As part of their Jewish New Year observance, Izzy's congregation, like many others, holds a Tashlich ceremony, in which sins are symbolically cast away by throwing pieces of bread into a body of water. But first, Izzy must make an "I'm sorry" list and seek forgiveness from those he's wronged. It isn't an easy or comfortable process: the list is longer than he anticipated, involves some property damage and requires him to apologize to his best friend for blabbing about a thumb-sucking habit. But because Tashlich is a collective expression of remorse (Mom asks forgiveness for "always being on the phone") and one that celebrates possibility rather than blame ("a new year, a clean heart," says the rabbi), Izzy leaves the pier feeling buoyed in both his faith and his sense of self. Wayland (Girl Coming in for a Landing) and Jorisch (Granddad's Fishing Buddy) are perfectly paired: the empathetic, low-key prose makes important points about personal responsibility without pummeling readers, while the stylish, keenly observed watercolors convey both Izzy's sheepish chagrin and the joys of communal tradition. Ages 5-8. (June)Copyright © Reed Business Information, a division of Reed Elsevier Inc. All rights reserved.
Association of Jewish Libraries
A child's perspective on atonement and repentance, expressed in meaningful and childlike ways, is sustained throughout a narrative that emphasizes both personal and communal atonement.
Jewish Woman Magazine
If you are introducing your youngster to the Rosh Hashanah ceremony tashlich, then you'll want to get a copy of New Year at the Pier.
Believable family interaction, a good sense of community and some lovely language permeate this very now, very real story.
Jewish Book World Magazine
[O]ffers an excellent, thorough look at forgiveness during one of the most important holidays of the year.
[A]n ideal choice for family readalouds as well as a useful addition to religious collections and public libraries.
Children's Literature - Ken Marantz and Sylvia Marantz
Izzy loves autumn, the time for the Jewish holiday Rosh Hashanah. He particularly likes the custom of Tashlich, which means: first the listing of the things you are sorry about and then telling people that you are sorry. Izzy recalls his mistakes with regret. When the holiday services end, everyone walks to the beach. There, the rabbi reminds them that it is time for casting off the things they do not need or want to keep. Izzy tosses pieces of bread into the water for each thing that he is sorry for and then finishes giving and receiving apologies. All is forgiven. Everyone goes home with empty bread bags "…and clean, wide-open hearts." Jorisch chooses pen, ink, lightly applied watercolor, and gouache for a rather literal visualization of the story, focusing on the characters. The scene on the pier is particularly attractive, with its wide range of distinctive personalities. When Izzy and his friend Ben exchange their apologies, the humanity of the holiday's message and its psychology are clear. Notes add information on the holiday and the author's personal feelings. Reviewer: Ken Marantz and Sylvia Marantz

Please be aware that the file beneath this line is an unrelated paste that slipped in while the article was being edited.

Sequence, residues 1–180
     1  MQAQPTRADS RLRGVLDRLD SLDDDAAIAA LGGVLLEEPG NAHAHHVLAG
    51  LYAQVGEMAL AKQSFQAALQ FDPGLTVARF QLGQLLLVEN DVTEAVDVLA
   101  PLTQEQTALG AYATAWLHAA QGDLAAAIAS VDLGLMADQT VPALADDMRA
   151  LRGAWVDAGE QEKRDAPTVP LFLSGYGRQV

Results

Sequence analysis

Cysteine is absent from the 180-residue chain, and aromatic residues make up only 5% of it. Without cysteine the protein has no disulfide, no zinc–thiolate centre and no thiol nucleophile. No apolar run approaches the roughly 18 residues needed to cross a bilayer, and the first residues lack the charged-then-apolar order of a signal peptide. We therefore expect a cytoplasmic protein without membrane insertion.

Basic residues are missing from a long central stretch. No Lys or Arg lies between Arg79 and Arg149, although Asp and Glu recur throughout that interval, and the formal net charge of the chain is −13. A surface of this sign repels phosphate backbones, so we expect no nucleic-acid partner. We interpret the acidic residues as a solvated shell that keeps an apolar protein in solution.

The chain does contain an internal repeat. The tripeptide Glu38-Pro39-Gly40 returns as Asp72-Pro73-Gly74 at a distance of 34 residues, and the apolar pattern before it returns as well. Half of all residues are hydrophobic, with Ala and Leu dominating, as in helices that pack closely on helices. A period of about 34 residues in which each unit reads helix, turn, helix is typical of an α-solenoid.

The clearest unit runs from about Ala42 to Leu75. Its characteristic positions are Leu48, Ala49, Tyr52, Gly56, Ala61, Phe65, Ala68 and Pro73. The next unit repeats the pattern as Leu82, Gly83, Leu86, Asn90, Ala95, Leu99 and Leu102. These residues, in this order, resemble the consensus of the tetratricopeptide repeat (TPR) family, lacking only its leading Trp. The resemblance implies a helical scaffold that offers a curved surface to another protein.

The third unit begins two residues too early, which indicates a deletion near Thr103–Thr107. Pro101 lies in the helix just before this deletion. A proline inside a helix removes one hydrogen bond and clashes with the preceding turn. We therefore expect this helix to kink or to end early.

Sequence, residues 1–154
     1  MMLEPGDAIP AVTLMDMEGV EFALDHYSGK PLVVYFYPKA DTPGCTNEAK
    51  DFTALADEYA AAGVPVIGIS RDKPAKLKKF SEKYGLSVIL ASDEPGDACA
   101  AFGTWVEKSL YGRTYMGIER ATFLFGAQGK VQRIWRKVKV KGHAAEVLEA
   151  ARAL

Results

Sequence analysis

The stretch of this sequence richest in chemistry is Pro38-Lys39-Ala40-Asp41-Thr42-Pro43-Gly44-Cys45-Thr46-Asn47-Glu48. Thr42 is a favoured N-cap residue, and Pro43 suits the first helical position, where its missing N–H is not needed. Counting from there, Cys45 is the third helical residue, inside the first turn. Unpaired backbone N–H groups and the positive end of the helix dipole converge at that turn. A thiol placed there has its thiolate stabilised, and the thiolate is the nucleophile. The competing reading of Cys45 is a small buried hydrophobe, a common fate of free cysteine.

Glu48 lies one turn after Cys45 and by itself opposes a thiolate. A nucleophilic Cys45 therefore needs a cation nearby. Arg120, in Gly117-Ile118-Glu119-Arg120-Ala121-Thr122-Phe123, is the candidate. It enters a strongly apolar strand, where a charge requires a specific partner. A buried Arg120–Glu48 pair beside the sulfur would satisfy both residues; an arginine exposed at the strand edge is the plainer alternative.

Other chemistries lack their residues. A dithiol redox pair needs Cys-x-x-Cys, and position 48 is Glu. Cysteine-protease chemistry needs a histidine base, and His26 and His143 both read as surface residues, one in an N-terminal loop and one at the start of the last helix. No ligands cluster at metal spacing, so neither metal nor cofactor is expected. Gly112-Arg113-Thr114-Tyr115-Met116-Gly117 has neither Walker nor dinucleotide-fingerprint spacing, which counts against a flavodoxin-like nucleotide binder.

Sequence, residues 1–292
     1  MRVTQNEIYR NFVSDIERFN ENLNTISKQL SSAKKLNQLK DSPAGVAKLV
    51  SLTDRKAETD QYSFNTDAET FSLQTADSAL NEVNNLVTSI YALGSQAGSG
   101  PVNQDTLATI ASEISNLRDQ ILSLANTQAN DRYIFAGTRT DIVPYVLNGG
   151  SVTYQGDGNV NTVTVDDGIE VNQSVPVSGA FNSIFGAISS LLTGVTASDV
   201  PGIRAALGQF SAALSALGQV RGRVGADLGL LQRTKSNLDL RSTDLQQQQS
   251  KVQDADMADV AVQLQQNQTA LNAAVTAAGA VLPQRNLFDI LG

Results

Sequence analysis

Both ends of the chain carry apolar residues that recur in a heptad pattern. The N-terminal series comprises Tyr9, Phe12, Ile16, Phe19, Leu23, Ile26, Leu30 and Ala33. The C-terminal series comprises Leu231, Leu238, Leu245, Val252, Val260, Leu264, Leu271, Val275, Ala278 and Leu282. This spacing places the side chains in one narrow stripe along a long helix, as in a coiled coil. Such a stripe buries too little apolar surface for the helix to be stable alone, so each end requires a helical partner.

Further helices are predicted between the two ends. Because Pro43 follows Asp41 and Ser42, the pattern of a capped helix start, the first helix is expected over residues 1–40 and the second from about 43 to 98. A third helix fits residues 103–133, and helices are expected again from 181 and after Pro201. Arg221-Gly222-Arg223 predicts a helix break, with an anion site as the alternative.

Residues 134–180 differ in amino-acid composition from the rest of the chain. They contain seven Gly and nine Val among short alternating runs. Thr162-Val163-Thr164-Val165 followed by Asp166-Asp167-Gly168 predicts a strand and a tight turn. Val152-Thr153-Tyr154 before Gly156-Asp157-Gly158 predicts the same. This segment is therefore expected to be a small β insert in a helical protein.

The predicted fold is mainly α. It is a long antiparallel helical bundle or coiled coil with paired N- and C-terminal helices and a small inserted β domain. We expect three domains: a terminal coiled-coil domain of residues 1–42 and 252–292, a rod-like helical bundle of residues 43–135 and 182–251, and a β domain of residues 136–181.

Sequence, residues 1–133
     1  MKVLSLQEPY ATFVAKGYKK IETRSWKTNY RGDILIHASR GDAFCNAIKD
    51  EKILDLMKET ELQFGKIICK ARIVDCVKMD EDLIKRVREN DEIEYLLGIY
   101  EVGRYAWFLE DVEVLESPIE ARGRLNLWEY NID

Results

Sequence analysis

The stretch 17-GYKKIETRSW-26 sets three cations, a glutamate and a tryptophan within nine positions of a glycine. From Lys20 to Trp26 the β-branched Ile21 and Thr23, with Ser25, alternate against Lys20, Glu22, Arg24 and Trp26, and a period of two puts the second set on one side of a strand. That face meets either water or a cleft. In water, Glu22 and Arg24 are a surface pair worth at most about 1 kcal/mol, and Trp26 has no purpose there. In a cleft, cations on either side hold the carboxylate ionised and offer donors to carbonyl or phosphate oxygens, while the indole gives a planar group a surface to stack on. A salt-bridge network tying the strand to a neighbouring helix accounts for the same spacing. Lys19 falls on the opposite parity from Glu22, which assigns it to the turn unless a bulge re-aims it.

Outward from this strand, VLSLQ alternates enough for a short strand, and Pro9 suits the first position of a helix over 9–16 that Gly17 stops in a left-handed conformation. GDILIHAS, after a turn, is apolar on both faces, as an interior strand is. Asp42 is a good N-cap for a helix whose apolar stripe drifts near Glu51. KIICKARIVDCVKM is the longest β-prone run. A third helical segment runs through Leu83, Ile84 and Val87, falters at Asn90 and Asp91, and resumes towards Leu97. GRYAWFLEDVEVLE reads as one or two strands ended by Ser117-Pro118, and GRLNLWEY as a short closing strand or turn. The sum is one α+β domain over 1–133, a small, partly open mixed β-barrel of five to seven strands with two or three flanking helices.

School Library Journal
K-Gr 3–Izzy and his family get ready for the Jewish New Year ceremony of Tashlich, when people toss pieces of bread into a body of water to represent throwing away their misdeeds. Izzy, Miriam, their mom, and their community make a sincere effort to reflect on their own behavior, to apologize to those they have wronged, and to offer forgiveness to those who have wronged them. The setting is based on the annual tradition at Manhattan Beach, CA. Poetic text and flowing autumnal illustrations support the contemplative nature of the tale. Emotions ring true: Izzy nervously puts off difficult apologies, but experiences a “clean, wide-open” heart once he has spoken up. At the same time, the characters are real and human: despite their efforts to be good, Izzy and Miriam quarrel, as siblings will. A short author’s note provides background about the holiday, but the story will be best appreciated by children already familiar with these traditions. However, the universality of emotion and the quality presentation make this book a good choice for multicultural New Year celebrations.–Heidi Estrin, Feldman Children’s Library at Congregation B’nai Israel, Boca Raton, FL
A common practice for many Jews at the time of the New Year is to perform the very public ceremony of Tashlich, or "casting off" of sins, with a symbolic throwing of bread crumbs into a body of water (stream, river, etc.). Izzy is eager to think about his sins of the past year and makes a picture list of three of them in preparation for his afternoon participation. But one sin, that of revealing the embarrassing secret of best friend Ben, is a huge concern for Izzy, and he wishes he could ignore or forget it. Jorisch's watercolor-and-gouache paintings outlined in pen and ink offer a modern, cheerful view of a community sharing a particular ritual in the course of this significant holiday balanced against a child's dilemma with how to do the right thing. Izzy's personal reflections and direct approach to apology and reconciliation set a plausible example of how failings and friendships can be improved through thoughtful behavior. A well-crafted introduction to an alternative aspect of the holiday with room for discussion. (Picture book. 6-8)